Residential fiber is big right now, and yet it’s just getting started. With all the money backing FTTH buildouts right now, it’s hard to remember how many places there are that you would think have plenty of options but don’t. One such region is California’s Orange County, which is where Cityside Fiber has started rolling out deep fiber infrastructure. With us today to talk about Cityside’s plans, progress, and vision is Founder and CEO Rod Hanson.
TR: What is your background and what led to the founding of Cityside?
RH: I’ve spent more than 30 years in this industry. I got into the development side of the business in ’96 doing site acquisition and zoning work for the wireless industry. In 2001, I started my own company doing site acquisition and pre-construction activities for the wireless industry, including a lot of fiber to the cell work. After selling that company in 2013, I later went to work at Crown Castle the VP/GM of small cells and fiber for their West Region. After leaving Crown Castle in November of 2020, I connected with a colleague and we started the early stages of the business plan for what became Cityside and we incorporated in March of 2021. What drove that was two things. The first was my experience at Crown and the difficulty that we were having building out small cells, primarily due to the lack of existing fiber. Where we had fiber, building small cells worked quite well, but where we did not it was very expensive and hard to justify the economic costs to build it for a small cell alone. So that was part of it. The second was COVID, watching broadband become a lifeline and seeing all the flaws we have in our infrastructure was eye opening. It was clear to me that there were a number of big problems that we could try to solve, but that felt like the biggest and most urgent one that made sense for us to try to tackle. If you build dense fiber throughout a city to serve residents and businesses, you could easily design excess capacity to serve other use cases. And that’s kind of what started the whole concept of Cityside.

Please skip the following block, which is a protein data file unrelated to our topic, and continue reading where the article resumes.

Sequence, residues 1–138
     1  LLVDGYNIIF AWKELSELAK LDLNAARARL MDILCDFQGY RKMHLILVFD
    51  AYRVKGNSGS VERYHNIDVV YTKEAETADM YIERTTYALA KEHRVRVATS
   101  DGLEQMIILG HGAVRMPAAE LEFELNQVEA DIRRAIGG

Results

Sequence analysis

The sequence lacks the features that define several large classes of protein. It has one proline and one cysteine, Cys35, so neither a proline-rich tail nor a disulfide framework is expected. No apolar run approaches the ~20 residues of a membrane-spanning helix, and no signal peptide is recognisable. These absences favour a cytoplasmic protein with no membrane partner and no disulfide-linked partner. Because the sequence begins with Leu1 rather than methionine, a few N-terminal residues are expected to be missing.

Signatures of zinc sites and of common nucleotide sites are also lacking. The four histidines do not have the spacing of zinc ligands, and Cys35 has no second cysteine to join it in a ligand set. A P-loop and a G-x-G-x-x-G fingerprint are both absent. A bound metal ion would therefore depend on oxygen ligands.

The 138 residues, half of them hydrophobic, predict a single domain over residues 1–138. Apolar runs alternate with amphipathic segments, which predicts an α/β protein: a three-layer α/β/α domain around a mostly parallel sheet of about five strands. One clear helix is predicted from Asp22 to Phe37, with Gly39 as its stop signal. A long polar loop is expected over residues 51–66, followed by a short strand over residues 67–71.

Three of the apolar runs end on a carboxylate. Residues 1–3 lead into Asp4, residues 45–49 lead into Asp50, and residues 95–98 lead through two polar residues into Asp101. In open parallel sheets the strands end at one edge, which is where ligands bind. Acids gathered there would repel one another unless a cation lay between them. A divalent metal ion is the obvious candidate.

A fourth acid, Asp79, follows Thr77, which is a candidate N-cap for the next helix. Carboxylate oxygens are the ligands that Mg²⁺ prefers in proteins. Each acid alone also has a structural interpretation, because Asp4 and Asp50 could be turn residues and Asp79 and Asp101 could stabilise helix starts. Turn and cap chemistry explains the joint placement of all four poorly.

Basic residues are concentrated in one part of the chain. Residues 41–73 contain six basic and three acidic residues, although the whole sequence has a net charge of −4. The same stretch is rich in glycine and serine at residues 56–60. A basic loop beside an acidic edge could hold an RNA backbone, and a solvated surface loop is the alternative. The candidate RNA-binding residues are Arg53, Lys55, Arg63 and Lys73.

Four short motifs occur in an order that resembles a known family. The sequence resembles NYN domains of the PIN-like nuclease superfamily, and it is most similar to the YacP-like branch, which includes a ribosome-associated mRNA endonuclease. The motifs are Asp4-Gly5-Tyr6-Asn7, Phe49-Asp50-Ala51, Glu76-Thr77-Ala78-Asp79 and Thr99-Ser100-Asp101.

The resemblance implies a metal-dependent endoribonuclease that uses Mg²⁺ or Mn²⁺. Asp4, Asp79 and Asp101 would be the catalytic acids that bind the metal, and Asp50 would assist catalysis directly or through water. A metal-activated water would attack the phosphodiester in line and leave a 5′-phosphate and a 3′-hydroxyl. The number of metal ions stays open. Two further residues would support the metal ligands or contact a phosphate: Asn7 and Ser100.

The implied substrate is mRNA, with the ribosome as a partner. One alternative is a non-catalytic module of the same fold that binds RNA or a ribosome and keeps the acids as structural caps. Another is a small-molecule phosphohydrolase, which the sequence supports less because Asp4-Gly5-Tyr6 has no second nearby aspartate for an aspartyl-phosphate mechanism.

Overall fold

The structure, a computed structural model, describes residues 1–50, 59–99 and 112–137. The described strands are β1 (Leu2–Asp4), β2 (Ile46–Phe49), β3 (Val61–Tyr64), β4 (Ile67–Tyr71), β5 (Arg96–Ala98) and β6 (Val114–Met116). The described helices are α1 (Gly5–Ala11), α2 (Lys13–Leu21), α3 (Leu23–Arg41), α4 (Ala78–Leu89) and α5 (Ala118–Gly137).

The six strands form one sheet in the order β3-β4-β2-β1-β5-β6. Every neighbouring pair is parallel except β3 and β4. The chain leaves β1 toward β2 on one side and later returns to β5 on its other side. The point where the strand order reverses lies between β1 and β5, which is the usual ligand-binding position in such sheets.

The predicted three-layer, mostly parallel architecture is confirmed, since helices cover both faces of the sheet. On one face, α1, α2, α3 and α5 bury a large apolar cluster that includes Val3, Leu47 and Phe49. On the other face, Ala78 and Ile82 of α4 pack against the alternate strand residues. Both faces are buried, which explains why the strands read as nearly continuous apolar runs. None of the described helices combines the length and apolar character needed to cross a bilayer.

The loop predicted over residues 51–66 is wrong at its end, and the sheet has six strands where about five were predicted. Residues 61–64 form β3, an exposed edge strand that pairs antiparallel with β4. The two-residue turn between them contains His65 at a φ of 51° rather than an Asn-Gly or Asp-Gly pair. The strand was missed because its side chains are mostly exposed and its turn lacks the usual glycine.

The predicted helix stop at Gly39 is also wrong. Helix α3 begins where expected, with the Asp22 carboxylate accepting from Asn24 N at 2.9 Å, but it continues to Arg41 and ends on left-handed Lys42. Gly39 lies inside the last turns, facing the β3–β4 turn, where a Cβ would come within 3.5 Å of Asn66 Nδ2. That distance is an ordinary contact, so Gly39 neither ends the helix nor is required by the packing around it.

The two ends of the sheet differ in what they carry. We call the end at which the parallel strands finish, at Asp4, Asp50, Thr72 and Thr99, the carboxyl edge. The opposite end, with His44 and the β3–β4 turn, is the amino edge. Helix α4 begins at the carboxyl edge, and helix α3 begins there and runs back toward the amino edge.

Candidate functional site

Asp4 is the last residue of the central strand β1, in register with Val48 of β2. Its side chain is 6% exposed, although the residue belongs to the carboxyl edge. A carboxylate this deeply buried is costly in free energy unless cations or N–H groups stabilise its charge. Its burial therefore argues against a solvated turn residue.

TR: Why Orange County? Is that your home turf?
RH: It is, but there were several reasons. We looked at a number of markets that would have probably been less expensive and easier to build. The primary thing we were looking at was a lack of fiber and the competitive landscape. The incumbents had not really invested a whole lot here from a fiber perspective, and we saw large areas where the only true high-speed internet option was the cable company. The demographics are great here, and there is high demand for high-speed internet. So, from a demand perspective and a competition perspective, it checked all the boxes. On the one hand it’s difficult and expensive to build here, but that is a double-edged sword. It is a bit of a moat, because people are a little more hesitant to jump in and try to be the third player.
TR: Why do you think Orange County wasn’t cherry picked in the early days of FTTH rollouts?
RH: Philosophically, I’m surprised that we don’t have fiber in every address in the United States. I recognize there’s parts of the country where that just may not be feasible without the government grants that are out there. But in an area like Orange County, as we did our market research, I was pretty shocked that it’s not the case.